Along a lane we often walk, there’s a river on one side where sometimes otters play. On both sides of the lane are trees, the remains of ancient woodland. Recently, the owner of this woodland parcelled it into three acre lots and sold it. Being an unashamed nosey parker I took the first opportunity to quiz two of the new owners. It’s easily done. We passed them every day, coppicing and clearing unwanted trees. And the great thing about walking in country is that people are friendly, and everyone likes talking about themselves given half the chance.Or may be it's just me and it's why I have a blog 😎
A compulsive viewing spot before girding our loins for the walk back home.
One of the men was in his seventies with 70k going spare and rather than blow it on a car he didn’t need or an even newer kitchen, he decided to buy three acres of land facing the river. His aim was to clear a small glade, plant wildflowers and create a viewing spot for himself and his wife. For a man in his seventies, he’s admirably energetic, thinning trees and planting more interesting but traditional alternatives.
The second guy—on the other side of the road—was equally interesting. He is much more the committed woodsman, there virtually every day, chopping down unwanted trees. At first glance it looks like vandalism. In fact, it’s enlightened forestry work.
The wood has overgrown, packed with sickly trees enjoying little light. A lot of the trees are unhealthy pine. His aim is to thin, thin, thin; allow sunlight in and, like his neighbour replant with traditional broad-leaf trees.
I loved his attention to detail, constructing a traditional woven fence marking his boundaries.
And below, you can see the next stage, planting along the edges for when the fence decays.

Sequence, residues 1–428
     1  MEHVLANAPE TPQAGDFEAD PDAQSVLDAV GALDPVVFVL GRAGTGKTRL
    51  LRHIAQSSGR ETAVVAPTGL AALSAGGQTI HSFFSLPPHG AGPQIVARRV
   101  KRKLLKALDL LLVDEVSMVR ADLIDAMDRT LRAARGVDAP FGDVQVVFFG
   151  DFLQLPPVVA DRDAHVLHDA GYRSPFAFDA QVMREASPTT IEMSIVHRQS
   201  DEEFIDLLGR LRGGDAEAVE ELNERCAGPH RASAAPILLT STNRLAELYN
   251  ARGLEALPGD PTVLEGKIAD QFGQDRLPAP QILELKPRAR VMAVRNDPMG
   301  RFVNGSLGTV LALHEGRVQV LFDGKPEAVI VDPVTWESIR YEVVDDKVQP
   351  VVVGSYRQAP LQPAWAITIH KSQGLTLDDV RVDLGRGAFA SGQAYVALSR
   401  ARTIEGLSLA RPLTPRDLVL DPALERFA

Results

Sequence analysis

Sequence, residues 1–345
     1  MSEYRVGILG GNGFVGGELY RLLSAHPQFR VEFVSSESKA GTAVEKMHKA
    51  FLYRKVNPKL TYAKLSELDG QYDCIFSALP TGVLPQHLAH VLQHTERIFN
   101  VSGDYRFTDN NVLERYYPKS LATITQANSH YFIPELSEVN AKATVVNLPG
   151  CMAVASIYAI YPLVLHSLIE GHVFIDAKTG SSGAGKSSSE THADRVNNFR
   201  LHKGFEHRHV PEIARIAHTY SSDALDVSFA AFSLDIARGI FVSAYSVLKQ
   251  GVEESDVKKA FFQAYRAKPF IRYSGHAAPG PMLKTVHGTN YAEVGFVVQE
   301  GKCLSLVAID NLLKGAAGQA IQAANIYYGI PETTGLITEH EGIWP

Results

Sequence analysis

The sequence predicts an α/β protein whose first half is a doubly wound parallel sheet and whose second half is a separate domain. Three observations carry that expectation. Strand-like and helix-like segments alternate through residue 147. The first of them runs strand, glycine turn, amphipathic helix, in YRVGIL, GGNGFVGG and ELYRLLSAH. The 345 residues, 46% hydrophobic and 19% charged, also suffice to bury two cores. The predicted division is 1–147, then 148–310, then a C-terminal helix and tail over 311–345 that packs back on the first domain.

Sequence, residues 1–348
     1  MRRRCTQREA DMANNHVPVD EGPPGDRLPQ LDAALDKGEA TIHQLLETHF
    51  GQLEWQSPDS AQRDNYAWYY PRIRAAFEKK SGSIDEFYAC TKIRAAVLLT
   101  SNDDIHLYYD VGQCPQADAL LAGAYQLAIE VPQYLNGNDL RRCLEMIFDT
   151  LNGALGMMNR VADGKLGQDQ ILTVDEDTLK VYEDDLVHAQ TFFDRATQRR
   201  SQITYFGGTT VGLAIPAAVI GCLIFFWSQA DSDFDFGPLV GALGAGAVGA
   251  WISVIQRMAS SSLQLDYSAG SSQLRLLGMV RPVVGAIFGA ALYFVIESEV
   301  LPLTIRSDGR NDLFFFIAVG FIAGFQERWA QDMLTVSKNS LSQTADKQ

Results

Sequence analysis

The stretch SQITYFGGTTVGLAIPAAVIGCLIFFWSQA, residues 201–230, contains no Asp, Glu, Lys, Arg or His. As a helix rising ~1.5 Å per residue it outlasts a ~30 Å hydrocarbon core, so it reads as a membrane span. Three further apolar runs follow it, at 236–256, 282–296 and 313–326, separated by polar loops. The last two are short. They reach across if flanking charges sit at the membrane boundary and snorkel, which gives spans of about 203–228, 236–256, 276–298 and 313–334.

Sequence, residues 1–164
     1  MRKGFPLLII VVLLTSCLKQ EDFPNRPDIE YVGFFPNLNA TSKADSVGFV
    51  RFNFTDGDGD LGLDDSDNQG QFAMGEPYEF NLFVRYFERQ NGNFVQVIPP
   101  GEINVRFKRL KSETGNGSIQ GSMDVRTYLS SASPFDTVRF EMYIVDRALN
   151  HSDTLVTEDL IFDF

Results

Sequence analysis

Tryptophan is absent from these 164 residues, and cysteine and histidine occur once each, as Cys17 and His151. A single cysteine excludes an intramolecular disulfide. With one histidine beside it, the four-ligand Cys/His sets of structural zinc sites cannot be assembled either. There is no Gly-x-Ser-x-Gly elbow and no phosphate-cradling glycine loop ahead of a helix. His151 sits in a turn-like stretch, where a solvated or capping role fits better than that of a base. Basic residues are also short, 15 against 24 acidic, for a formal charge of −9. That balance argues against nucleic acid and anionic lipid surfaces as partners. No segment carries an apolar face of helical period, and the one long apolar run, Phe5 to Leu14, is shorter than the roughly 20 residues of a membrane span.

Of course, it put me in mind of Annie Proulx’s Barskins. It also put me in mind of an article I read on Ruislip Woods, a small forest in London. It’s what remains of a vast forest that once stretched from London to Nottingham. The remnant is still large and has survived largely unchanged from medieval times.
The forest was given to Ernulf de Hesdin by Willliam the Conqueror but later came into the hands of the periodically insane Henry VI who gave it to King’s College Cambridge. The great oaks of Ruislip were used in the building of the Tower of London, Windsor Castle and the Palace of Westminster. And something else, I learned. Hornbeams were planted amongst the oaks to make them grow straight and tall. Wonderful things, trees. The hornbeam grows more quickly than the oak, and so to claim their share of the light, the neighbouring oaks have to grow straight and tall to avoid missing out. Having done their job, the supple branches of the hornbeam were used in the making of fences.
Things changed in 1914 when the Local Authority began the process of chopping it down to make way for 7,600 houses. But, luckily for the trees though not the luckless soldiers, World War I brought things to an abrupt halt and Ruislip Woods were saved.
Having had such a narrow escape, King’s College sold the woods to the local authority in 1931 on the condition that no building would be allowed. The council were as good as their word, coppicing the woods on a 20-year cycle and cutting out unwanted species. And so, what you have is a forest of hornbeam and oak, one that a Norman, a thousand years ago, would recognise.